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Testimony for the House and Senate Ways and Means Committees, the Joint Committee on Revenue, and the Executive Office of Administration and Finance Economic Roundtable
We’re clearly in a budget crisis. Which is extremely troubling at this time, when we need real, comprehensive relief for families and individuals — so many of our neighbors, young and old, are struggling with accessing basic necessities and keeping healthy and well.
Our Commonwealth’s budget – how we raise revenue through taxes and fees, and how we spend that revenue – is the clearest picture of our shared values. Considering the revenue side picture is crucial, but the other side of the ledger is just, if not more important.
Massachusetts could face a $5 billion budget hole; Baker administration takes tax hikes off the table for now
The Senate and House chairmen of their respective chambers’ budget committees, Michael J. Rodrigues and Aaron Michlewitz, prepared to host a virtual roundtable with experts to determine how dire Massachusetts’ financial picture is.
“There’s a budgetary crisis happening,” said Marie-Frances Rivera, president of … Massachusetts Budget and Policy Center.
The original unemployment system was limited in various ways and covered only about half of the actual American workforce, according to Phineas Baxandall, a social insurance expert at the Mass. Budget and Policy Center. The expansion Congress passed during the shutdown made payments last longer, made them much more generous, and allowed more workers to qualify, including part-time workers, independent contractors, and the self-employed.
“The Commonwealth should pair limited use of borrowing and withdrawals from the Rainy Day Fund with new policies to increase revenue, thus avoiding budget cuts which would deepen and prolong the recession,” says the report, which came out today. It specifically argues against relying mostly on borrowing to plug holes in the budget, and cites a 2015 study by the Congressional Budget Office looking at the Great Recession, which found that “for every additional dollar of revenue raised from taxes (which are used to support public spending during a recession), economy activity drops by less than a dollar.”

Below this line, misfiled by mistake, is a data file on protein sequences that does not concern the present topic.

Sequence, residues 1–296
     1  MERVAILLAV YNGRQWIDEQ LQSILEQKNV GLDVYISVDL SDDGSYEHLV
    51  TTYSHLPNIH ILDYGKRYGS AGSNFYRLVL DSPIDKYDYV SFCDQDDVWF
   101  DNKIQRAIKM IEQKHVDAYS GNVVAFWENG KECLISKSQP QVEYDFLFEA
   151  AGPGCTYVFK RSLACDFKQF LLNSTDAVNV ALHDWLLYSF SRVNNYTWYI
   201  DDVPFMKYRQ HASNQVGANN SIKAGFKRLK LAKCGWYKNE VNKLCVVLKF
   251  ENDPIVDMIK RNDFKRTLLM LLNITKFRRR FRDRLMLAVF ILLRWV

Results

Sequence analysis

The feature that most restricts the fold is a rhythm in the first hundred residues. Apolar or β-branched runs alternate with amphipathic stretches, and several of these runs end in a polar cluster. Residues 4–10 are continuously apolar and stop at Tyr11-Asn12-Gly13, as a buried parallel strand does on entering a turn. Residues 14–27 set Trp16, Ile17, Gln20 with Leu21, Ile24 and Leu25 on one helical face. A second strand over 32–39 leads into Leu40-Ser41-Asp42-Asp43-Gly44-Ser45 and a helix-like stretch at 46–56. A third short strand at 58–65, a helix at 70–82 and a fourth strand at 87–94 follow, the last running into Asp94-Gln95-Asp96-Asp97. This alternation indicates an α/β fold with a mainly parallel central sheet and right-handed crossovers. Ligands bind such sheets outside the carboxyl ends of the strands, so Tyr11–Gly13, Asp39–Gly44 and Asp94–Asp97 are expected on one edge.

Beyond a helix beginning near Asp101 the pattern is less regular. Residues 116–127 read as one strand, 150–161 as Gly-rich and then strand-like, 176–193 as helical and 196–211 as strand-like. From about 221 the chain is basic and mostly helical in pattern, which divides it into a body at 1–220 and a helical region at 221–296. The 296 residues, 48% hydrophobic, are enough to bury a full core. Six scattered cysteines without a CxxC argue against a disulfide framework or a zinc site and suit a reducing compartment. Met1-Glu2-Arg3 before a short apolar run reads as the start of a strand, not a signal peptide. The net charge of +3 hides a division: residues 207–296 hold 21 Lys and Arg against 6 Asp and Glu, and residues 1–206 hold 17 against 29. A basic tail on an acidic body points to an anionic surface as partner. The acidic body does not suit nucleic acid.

In other words, MassBudget contends, raising taxes in the last economic downturn proved to have a net positive impact on the economy. Of course, that idea is sure to meet resistance from the state’s wealthier residents who will likely shoulder the burden of those taxes, and it will be up to lawmakers to decide both who will benefit from the recovery from the pandemic, and who will have to pay for it.
In a report published Tuesday, the left-leaning Massachusetts Budget and Policy Center argues that policymakers can maintain state spending on public services and programs despite the devastating financial impacts of the COVID-19 pandemic if they limit deficit financing, tap into the state’s $3.5 billion reserves and adopt “new policies to increase revenue.”
“Collecting additional progressive taxes to protect Massachusetts public spending against cuts will advance economic recovery by ensuring that more funds will be spent now on goods and services in Massachusetts. This is a clear lesson from the Great Recession,” Phineas Baxandall, MassBudget’s senior policy analyst who wrote the report, said. “A 2015 study by the Congressional Budget Office examining the Great Recession found taxes have a net positive impact on the economy when they are used to support public spending during a recession. For every additional dollar of revenue raised from these taxes, economy activity drops by less than a dollar.”